The Golden Age of natural gas that North America is experiencing will expand to include China over the next five years as Chinese gas demand is expected to nearly double by 2019, the International Energy Agency (IEA) said in an annual report on Tuesday.
The energy watchdog predicts that Chinese gas demand will compensate for a slight slowdown in growth in many other areas of the world, and it expects global gas demand to rise by 2.2 percent a year by the end of 2019, a decline of .2 percent compared with the 2.4 percent growth forecast in last year’s report.
Liquefied natural gas (LNG) will meet much of the demand, particularly through private operators in Australia, Canada and the U.S. The IEA expected the LNG trade to grow by 40 percent through 2019 to reach 450 billion cubic meters (about 15.8 trillion cubic feet), with half of all new LNG exports coming from Australia and 8 percent of the global LNG trade coming from North America.
"While demand growth is driven by the Asia-Pacific region and especially China, supply growth for the international gas trade is dominated by private investments in LNG in Australia and North America,” IEA Executive Director Maria van der Hoeven said in a statement.
China’s power, industrial and transport sectors will lift gas demand to 315 billion cubic meters (about 11.1 trillion cubic feet) in 2019, an increase of 90 percent over the period, the IEA’s report said. Chinese production is expected to grow by 65 percent to 193 billion cubic meters (about 6.8 trillion cubic feet) through 2019 from 2013.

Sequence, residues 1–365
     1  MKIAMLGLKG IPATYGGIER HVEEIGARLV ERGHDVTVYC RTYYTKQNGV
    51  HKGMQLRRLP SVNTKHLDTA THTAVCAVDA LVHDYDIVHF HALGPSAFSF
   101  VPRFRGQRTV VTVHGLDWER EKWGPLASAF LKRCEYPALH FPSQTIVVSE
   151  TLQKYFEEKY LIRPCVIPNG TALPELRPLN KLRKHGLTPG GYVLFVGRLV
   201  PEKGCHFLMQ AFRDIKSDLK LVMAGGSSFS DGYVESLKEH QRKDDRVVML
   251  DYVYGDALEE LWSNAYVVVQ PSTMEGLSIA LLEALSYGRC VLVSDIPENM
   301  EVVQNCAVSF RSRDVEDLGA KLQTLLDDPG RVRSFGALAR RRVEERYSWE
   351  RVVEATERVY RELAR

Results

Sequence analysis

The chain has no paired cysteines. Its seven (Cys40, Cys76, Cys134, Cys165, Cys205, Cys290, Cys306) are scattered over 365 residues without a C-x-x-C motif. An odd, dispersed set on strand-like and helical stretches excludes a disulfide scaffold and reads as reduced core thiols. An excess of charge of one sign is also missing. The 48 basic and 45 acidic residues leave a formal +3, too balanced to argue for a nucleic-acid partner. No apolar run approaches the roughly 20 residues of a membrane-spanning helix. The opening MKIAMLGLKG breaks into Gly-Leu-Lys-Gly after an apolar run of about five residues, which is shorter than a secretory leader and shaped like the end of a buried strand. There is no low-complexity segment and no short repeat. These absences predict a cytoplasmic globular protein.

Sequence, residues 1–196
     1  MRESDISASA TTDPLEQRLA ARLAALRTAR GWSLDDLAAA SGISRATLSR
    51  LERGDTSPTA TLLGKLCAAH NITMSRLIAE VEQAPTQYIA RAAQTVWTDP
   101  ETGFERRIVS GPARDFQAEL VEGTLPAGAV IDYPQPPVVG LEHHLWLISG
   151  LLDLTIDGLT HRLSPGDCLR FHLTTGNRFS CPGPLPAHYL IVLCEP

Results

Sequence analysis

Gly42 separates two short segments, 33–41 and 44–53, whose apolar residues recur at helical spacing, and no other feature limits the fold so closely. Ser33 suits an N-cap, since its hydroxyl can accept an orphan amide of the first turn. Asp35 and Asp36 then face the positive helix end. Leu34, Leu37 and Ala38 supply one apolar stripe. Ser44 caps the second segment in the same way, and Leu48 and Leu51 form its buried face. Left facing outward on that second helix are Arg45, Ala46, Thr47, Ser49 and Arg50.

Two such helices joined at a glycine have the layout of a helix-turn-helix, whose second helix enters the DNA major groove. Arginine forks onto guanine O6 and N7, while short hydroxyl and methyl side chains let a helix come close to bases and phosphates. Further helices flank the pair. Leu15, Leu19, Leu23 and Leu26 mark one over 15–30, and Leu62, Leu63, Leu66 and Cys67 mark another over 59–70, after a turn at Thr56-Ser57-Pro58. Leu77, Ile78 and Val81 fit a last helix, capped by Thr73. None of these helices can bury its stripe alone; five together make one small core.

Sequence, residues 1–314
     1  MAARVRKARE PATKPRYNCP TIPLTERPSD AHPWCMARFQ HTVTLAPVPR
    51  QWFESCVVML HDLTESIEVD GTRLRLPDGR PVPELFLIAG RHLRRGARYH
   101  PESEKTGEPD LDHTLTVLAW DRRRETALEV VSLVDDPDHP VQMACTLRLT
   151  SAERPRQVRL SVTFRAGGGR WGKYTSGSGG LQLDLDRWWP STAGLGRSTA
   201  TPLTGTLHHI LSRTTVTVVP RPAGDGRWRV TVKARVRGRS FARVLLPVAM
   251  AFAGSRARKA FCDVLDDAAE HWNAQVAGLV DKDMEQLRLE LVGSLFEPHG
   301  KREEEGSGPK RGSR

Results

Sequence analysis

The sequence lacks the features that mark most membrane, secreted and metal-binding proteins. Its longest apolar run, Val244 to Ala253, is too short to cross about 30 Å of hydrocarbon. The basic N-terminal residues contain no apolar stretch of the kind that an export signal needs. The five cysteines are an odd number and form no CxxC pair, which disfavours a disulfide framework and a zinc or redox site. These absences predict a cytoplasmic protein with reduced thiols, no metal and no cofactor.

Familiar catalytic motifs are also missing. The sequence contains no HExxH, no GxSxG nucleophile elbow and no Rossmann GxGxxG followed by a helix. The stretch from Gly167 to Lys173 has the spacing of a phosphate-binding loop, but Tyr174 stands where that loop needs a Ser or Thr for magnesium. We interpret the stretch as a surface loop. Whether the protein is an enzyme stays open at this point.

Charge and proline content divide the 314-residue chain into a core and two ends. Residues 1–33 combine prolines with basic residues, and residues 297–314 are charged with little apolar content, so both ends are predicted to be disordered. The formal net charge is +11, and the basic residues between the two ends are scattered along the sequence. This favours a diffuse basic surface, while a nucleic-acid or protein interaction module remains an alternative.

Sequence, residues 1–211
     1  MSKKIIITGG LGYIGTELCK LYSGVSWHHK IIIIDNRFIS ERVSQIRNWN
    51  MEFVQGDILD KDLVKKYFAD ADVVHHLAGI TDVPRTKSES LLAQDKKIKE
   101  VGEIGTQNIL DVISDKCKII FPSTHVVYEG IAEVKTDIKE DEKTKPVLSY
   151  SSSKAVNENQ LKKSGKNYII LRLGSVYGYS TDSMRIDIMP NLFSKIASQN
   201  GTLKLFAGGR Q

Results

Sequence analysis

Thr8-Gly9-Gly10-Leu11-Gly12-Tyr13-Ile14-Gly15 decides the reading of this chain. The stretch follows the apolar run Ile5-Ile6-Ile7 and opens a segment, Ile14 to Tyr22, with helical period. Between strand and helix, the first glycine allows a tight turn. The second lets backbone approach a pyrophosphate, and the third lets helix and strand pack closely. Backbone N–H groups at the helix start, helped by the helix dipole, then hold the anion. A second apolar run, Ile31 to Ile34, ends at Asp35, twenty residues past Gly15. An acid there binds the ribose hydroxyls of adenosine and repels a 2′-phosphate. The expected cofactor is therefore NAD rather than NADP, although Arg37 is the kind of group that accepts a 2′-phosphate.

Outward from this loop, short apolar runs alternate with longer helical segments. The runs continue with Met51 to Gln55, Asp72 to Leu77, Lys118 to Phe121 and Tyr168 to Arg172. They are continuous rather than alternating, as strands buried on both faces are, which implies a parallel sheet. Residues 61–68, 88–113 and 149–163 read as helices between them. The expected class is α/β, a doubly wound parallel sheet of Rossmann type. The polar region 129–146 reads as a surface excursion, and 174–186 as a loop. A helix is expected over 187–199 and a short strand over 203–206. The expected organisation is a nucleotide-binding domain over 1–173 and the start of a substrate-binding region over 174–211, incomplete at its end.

Air quality concerns in China have prompted the government to adopt tough plans to reduce pollution, and natural gas, which emits less carbon than coal, is emerging as part of the solution.
A potential problem for LNG is that high prices could dampen demand and encourage increased coal use, van der Hoeven said.
"Looking ahead, unless we see timely investment in new production and LNG facilities and the reversal of the recent cost inflation of LNG, only a very strong climate policy commitment could redirect Asia’s coal investment wave to gas,” she said.
The IEA also predicts that Europe won’t diversify its gas supplies significantly, and that European gas consumption won’t recover from a 2010 peak over the next five years because power demand is weak and government support for renewable energy is strong.